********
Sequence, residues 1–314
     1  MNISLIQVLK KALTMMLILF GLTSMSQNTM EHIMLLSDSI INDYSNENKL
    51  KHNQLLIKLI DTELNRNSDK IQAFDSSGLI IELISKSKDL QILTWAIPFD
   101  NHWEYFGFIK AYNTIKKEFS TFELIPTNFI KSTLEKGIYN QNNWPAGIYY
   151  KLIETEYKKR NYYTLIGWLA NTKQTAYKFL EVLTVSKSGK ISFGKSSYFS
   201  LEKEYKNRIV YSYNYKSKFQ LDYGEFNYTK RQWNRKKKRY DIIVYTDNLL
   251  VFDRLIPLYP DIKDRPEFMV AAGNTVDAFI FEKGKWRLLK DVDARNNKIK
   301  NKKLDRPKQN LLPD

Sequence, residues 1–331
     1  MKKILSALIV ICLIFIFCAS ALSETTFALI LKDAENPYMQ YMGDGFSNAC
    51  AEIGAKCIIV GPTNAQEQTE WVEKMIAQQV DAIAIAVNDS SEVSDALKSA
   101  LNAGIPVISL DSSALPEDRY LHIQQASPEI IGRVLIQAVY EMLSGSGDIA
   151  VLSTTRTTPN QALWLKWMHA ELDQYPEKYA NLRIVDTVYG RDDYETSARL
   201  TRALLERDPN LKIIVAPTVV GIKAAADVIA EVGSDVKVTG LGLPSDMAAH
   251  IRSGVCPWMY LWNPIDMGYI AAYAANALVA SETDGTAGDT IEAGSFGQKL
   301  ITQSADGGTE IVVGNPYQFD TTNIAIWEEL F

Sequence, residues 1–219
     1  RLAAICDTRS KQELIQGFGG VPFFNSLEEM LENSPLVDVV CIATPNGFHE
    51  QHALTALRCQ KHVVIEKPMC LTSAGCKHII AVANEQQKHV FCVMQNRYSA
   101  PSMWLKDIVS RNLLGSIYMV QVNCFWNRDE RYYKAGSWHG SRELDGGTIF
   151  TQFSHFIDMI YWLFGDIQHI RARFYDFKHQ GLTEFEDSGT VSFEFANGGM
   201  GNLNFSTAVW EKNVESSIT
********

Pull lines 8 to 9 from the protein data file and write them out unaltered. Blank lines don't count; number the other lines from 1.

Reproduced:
   301  NKKLDRPKQN LLPD

Sequence, residues 1–331